How Often Should You Take Breaks At Work?

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How Often Should You Take Breaks At Work?

Do you forget about your work breaks because of your heavy workload?

Is your work schedule too tight for you to be able to take breaks?

If you’re working long hours without a break, you might not be as productive as you could be. We explore why taking regular breaks at work is good for you and what can happen if you don’t take breaks.

Many of us do not take breaks during our working day because we think that we do not have time. But, working without a break can have a detrimental effect and could make you less efficient, less productive and lead to health problems.

In order to maintain a good work balance and perform your best, it’s important that you take regular breaks during your day. These breaks enable you to switch off from work and rejuvenate. Eating a meal also helps replenish your energy.

What happens if you don’t take a break?

A rest break during work has a beneficial effect on your performance, concentration and health. It also leads to motivation and work satisfaction.

Sitting for long periods of time can lead to the following issues:

Posture

You could be hunched over a computer, which can cause tension in your neck and shoulders and constrict your respiratory and digestive systems.

Circulatory problems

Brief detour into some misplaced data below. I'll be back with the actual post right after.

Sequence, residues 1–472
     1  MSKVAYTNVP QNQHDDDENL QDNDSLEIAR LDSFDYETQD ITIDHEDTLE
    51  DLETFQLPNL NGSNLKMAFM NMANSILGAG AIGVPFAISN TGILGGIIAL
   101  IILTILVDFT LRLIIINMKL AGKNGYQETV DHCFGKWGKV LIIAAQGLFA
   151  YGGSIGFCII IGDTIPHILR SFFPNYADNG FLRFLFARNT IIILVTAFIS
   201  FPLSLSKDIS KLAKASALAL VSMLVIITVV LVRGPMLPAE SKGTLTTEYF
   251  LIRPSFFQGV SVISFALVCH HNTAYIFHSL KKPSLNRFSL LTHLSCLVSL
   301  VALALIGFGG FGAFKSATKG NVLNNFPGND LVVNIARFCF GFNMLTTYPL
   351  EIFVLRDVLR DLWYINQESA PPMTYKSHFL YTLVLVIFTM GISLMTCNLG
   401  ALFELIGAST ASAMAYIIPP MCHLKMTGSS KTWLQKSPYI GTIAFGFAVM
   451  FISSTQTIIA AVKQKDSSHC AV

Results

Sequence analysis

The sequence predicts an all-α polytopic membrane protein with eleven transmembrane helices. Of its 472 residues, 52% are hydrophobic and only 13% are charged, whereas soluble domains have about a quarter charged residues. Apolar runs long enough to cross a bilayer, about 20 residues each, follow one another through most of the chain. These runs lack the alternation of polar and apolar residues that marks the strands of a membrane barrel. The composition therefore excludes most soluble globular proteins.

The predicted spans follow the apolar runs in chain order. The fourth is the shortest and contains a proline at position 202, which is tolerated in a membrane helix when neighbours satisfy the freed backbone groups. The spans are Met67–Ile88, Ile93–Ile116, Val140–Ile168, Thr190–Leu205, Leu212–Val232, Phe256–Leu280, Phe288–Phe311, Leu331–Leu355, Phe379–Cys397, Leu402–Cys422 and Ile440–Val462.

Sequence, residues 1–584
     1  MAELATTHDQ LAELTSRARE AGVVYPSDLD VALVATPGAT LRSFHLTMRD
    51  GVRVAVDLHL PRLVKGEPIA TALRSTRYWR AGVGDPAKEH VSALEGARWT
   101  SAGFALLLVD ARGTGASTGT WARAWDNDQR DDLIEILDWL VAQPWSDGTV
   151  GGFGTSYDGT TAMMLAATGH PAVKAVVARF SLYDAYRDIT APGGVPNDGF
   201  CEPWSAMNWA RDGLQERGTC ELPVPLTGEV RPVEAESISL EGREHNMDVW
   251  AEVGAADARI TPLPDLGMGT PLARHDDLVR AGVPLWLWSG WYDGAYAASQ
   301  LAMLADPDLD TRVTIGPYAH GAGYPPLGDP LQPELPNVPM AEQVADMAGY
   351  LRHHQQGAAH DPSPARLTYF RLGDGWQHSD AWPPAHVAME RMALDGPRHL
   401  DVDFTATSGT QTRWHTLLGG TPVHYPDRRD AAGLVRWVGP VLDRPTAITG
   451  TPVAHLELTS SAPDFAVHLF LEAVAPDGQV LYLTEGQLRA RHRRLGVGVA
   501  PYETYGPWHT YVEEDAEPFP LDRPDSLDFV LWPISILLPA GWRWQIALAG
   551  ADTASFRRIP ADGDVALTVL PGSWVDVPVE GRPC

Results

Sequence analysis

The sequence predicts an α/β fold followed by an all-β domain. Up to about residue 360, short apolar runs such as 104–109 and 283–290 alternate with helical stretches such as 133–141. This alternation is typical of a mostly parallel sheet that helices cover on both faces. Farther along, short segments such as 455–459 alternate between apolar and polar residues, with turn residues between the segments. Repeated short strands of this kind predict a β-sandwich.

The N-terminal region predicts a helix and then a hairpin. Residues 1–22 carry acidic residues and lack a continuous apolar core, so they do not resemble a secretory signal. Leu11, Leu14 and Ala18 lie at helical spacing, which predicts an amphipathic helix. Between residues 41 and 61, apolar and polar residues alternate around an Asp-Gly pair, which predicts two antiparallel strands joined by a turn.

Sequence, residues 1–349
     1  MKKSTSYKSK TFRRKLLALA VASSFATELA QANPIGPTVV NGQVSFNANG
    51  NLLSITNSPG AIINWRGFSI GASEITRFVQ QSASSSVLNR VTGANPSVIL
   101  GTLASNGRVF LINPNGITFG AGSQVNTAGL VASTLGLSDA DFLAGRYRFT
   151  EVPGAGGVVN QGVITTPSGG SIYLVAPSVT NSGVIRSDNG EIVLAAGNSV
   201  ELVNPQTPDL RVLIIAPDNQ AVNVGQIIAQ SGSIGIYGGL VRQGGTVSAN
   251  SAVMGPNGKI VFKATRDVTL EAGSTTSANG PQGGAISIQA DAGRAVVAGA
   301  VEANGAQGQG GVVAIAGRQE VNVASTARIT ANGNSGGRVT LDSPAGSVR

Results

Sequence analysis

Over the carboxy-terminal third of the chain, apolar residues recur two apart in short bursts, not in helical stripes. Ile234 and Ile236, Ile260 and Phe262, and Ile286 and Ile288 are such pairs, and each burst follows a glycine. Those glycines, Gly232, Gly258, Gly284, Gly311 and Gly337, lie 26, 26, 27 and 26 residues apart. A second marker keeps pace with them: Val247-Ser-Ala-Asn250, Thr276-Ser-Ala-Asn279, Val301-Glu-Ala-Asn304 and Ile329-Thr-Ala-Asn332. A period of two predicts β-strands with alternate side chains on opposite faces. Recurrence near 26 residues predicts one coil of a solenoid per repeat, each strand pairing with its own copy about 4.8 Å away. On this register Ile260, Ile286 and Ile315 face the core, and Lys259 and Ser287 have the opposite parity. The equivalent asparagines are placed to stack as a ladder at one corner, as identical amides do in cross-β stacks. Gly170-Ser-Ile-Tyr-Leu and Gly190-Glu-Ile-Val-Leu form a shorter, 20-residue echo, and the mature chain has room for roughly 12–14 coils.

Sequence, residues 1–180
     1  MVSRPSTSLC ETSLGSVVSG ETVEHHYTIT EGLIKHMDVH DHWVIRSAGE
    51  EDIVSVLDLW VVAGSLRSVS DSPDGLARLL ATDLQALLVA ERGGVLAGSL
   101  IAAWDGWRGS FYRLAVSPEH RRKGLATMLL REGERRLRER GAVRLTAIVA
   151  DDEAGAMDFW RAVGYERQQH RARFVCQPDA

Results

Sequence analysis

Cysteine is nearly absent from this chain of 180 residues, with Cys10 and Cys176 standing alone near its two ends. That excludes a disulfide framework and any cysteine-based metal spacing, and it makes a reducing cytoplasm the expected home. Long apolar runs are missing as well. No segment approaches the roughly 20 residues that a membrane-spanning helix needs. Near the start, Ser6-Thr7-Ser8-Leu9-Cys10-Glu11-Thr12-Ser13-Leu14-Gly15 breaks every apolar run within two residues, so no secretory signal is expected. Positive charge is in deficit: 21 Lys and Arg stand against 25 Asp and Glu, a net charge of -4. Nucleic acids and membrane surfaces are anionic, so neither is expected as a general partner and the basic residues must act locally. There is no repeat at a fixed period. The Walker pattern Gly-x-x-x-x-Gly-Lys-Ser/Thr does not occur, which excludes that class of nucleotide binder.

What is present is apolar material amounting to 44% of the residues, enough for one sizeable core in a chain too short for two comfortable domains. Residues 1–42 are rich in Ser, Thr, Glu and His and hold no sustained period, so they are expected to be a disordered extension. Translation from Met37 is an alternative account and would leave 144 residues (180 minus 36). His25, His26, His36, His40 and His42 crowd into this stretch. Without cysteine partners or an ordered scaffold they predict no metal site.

Sitting for too long can also lead to circulatory problems in your legs.

Stress

If you do have a heavy workload with many tasks to handle this could lead to stress, which in turn can cause high blood pressure and stomach problems.

Safety

Not taking a break could also impact your safety. Losing focus on a task can result is careless work methods and lead to accidents.

How to manage your breaks

Each break that you take relieves your body and mind of exhaustion. You should be able to decide yourself when you take your breaks so that if you are in a middle of a task you can finish it and then rest. This will also reduce the likeliness of errors being made.

The time to take a break is when you start feeling tired and losing concentration!

  1. Take several short breaks rather than one long break

  2. Remove yourself from your work area and rest in a ‘breakout’ room

  3. If you have been sitting for a long time, take your break standing or in motion

  4. Go for a walk and talk to colleagues

  5. Perform relaxation exercises

  6. Establish work share roles so that breaks can be taken when needed

  7. Managers must act as role models and take breaks

  8. Emphasise the necessity of work breaks

  9. If working from home or mobile working; ensure you have a contractual agreement that includes rest periods.

 

Rest breaks at work

You have the right to one uninterrupted 20 minute rest break during their working day, if you work more than 6 hours a day. This could be a tea or lunch break.

Daily rest

You have the right to 11 hours rest between working days, e.g., if you finish work at 8pm, you shouldn’t start work again until 7am the next day.

Weekly rest

You have the right to either:

  • An uninterrupted 24 hours without any work each week
  • An uninterrupted 48 hours without any work each fortnight

 

For more information or to arrange for an Ergo Squad representative to evaluate your workspace to help your business achieve its potential, please get in touch using the form below. And, if you found this article helpful, please feel free to share it with your social networks!

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